KanColl: The Kansas 
Historical Quarterlies

Identification of the Stranger
at the Pottawatomie Massacre

by James C. Malin

February, 1940 (Vol. 9, No. 1), pages to .
Transcribed by lhn;
digitized with permission of the Kansas State Historical Society.

     ON THE night of May 24-25, 1856, John Brown, with four sons, a son-in-law and two other Kansas settlers, made a raid on Proslavery settlers on Mosquito creek and Pottawatomie creek, killing three Doyles, Allen Wilkinson and William Sherman. At the time a special congressional house committee was in Kansas investigating the Kansas troubles. It consisted of John Sherman of Ohio and William A. Howard of Michigan, both Antislavery in sentiment, and Mordecai Oliver of Missouri, a Proslavery Democrat. As the Pottawatomie massacre occurred after the date of the appointment of the special committee the Antislavery majority took the ground that these outrages were outside the scope of their powers. The minority member, Oliver, differed, pointed out that the majority had taken testimony concerning this class of events in Kansas when it supported their partisan purpose, and therefore he insisted that the Pottawatomie massacre be investigated, and on his own responsibility took affidavits of Mrs. Doyle and her surviving minor son, Mrs. Wilkinson and James Harris, who was employed by the Sherman brothers, of whom there were three, Henry, William and Peter, "Dutch Henry," "Dutch Bill" and "Dutch Pete." These papers were printed with Oliver's minority report, and regardless of the merits of the controversy among the members of the committee at the time, the historian owes to Mordecai Oliver a deep debt of gratitude for his stubborn partisan insistence that these be made a matter of permanent record.

     In the affidavit of James Harris, whose testimony applied only to the incidents surrounding the murder of "Dutch Bill," he stated that three men were spending the night at his house: William Sherman, John S. Whiteman, and "the other man I did not know. They were stopping with me that night. They had bought a cow from Henry Sherman, and intended to go home the next morning." When John Brown's band entered Harris' house, the men were taken out separately and questioned. Harris omitted comment on Whiteman, but the stranger and Harris himself appear to have given answers satisfactory to John Brown and were returned to the house. Henry Sherman was the man especially desired, but he was absent search-



     ing for cattle, and the last man taken out was William Sherman, who did not return. His body was found the next morning on the edge of Pottawatomie creek with the skull split open and part of the brains washed out by the water. As the "John Brown Legend" grew during later years, Free-State men attempted assiduously to discredit Harris' story, saying that undue influence was used in securing his affidavit, and that he told quite a different story privately to Free-State men. The allegations of Free-State men must not be taken too seriously, especially as Harris and others left additional affidavits of the same tenor as his original. In filing claims for losses amounting to $375, suffered during the civil war of 1856, and making proofs by witnesses before the Strickler commission in 1857, Harris made affidavit October 23 charging John Brown with stealing from him a horse, saddle, bridle and gun on the night of the Sherman murder, and, significantly, because of threats against his life, with forcing him to abandon his remaining property and to seek safety elsewhere. A neighbor, Minerva Selby of Anderson county, made affidavit to the losses saying that Harris came the next day and told of the robbery and murder, and Selby confirmed the charge of threats against Harris' life. Martin White made an affidavit also, and one which is most explicit concerning the problem of Harris' testimony:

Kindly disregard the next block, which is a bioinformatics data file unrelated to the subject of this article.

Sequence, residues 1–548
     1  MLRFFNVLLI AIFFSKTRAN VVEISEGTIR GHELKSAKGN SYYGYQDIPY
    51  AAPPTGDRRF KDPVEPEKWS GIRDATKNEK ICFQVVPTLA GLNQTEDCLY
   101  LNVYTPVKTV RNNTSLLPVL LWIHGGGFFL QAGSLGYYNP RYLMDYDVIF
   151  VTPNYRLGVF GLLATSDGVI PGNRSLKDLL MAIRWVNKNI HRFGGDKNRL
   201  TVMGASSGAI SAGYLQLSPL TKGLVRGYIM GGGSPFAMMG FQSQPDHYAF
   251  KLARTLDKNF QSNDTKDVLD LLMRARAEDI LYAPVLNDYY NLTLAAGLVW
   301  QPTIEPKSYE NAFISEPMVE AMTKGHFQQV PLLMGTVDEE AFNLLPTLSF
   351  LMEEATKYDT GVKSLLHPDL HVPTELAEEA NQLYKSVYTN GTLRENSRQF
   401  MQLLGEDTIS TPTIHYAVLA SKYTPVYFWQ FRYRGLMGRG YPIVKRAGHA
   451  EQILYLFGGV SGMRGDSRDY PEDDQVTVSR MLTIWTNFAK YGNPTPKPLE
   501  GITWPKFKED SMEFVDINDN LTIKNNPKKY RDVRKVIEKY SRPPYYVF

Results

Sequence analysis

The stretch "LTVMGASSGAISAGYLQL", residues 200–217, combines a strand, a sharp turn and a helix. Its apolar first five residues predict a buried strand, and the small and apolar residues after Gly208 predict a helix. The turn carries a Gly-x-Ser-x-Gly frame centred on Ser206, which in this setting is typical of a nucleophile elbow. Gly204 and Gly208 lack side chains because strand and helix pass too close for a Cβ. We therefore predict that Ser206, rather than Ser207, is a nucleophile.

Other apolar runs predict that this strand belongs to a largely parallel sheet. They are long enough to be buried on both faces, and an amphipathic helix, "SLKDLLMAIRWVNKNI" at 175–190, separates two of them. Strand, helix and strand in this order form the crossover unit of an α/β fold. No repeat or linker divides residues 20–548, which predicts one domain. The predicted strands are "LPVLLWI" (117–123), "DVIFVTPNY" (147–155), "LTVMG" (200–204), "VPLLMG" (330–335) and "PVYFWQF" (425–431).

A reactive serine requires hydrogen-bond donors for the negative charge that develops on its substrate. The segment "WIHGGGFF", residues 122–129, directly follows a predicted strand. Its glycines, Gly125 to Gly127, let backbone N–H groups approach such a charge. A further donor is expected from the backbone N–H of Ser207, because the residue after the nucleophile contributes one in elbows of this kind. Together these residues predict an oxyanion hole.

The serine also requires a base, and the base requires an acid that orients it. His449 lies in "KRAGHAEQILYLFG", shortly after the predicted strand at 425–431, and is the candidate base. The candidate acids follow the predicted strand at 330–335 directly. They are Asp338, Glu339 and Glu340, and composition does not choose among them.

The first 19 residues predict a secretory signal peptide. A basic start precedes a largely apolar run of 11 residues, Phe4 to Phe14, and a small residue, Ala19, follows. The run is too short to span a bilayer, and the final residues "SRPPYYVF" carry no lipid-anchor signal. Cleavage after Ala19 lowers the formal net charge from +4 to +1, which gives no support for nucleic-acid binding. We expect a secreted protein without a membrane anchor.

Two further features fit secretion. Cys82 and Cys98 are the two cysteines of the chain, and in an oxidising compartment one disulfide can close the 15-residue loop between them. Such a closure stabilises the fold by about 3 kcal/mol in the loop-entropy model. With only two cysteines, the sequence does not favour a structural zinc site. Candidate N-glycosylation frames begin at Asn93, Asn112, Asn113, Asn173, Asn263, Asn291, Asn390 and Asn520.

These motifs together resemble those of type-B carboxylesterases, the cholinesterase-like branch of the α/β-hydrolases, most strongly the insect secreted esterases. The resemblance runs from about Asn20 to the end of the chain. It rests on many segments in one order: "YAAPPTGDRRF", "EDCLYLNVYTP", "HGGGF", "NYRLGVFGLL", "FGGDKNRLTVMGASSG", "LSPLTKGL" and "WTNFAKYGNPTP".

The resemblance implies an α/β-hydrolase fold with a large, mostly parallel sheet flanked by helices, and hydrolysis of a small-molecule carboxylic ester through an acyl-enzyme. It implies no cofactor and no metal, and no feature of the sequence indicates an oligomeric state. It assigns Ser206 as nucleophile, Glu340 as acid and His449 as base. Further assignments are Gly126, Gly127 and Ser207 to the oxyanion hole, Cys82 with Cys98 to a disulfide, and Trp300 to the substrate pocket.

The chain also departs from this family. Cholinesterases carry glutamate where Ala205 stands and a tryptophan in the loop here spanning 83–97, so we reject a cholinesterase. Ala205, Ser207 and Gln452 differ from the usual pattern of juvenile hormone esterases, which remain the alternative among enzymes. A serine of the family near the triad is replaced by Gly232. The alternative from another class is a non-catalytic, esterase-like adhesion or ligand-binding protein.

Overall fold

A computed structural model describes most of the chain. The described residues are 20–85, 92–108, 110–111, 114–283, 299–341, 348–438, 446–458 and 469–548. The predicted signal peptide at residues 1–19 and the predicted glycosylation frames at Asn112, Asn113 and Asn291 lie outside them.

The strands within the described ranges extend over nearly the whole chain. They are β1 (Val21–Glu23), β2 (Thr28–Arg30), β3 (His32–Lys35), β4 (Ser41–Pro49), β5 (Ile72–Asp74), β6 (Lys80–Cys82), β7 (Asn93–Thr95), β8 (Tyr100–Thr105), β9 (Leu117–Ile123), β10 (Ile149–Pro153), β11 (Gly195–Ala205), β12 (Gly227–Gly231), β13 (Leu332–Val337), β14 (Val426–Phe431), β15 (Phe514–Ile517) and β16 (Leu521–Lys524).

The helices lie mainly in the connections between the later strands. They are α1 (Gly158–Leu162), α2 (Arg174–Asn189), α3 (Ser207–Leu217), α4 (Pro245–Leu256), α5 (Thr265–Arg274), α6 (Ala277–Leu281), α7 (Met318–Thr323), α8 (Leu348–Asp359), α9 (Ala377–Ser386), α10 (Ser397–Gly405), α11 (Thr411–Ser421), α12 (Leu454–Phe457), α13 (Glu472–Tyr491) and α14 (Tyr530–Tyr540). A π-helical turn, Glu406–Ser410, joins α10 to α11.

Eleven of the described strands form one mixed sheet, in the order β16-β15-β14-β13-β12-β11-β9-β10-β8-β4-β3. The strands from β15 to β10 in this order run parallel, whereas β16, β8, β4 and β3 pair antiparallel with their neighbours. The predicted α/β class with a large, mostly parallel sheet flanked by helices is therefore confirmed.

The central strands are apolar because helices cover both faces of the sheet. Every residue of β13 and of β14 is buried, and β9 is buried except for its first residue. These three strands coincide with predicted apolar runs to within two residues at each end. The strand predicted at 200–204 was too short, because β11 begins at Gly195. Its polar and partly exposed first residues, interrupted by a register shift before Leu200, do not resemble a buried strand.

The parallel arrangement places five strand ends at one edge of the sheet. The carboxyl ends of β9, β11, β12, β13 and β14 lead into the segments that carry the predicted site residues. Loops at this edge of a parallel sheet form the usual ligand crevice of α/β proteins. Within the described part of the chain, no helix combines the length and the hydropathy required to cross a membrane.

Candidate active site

Know that the petitioner was greatly alarmed; seemed to apprehend danger from the murderers of Sherman, as the petitioner was at the premises of Sherman when the act [murder] was committed. The petitioner expressed his fears of being killed to prevent his divulging the murder. Believe he was in danger of being murdered. The safety of himself and family required him to leave his home. [1]

     Peculiarly, there has been little interest shown in the identity of the stranger, or whether he existed except in Harris' affidavit, and if he was a real person whether he became known and gave evidence against the murderers of the Pottawatomie which would corroborate that of Harris, or whether his testimony would discredit Harris. The little that has been said about him is associated primarily with the historical reminiscences of James Christian. In May, 1858, Christian and James H. Lane announced the formation of a law partnership, with offices at Lawrence. The political set-up is familiar to all who understand practical workings of law firms that specialize in political law business. Lane was the outstanding Free-State lawyer-politician in Kansas, and James Christian was a prominent


     Democrat, or so-called Proslavery lawyer of the territory. The firm was ambidextrous, therefore, and could meet any legal emergency where a judicious use of political influence might be of advantage to the success of clients. Such a background in any case, and especially in connection with the notorious Jim Lane, is not at all prepossessing as qualifying Christian to speak on so controversial a matter as John Brown and the Pottawatomie massacre. After the days of Kansas troubles, however, Christian served in the union army during the civil war and continued in the state as lawyer and newspaper man, and in spite of the fact that he was a Democrat in Republican Kansas, he was held in high regard. This later reputation offsets somewhat the earlier stigma. Christian's story was that--

Jerome Glanville was the man who was stopping at Dutch Henry's [2] on the night of the massacre, and was taken out to be killed, as the others were. On examination he was found to be only a traveler, but was kept a prisoner until morning and then discharged. He informed me personally who were the principal actors in that damning midnight tragedy, and Said that the next morning, while the old man raised his hands to Heaven to ask a blessing, they were stained with the dried blood of his victims. For being too free in his expressions about the matter he [Glanville] was soon after Shot in his wagon, between Black Jack and the head of Bull creek, while on his way to Kansas City.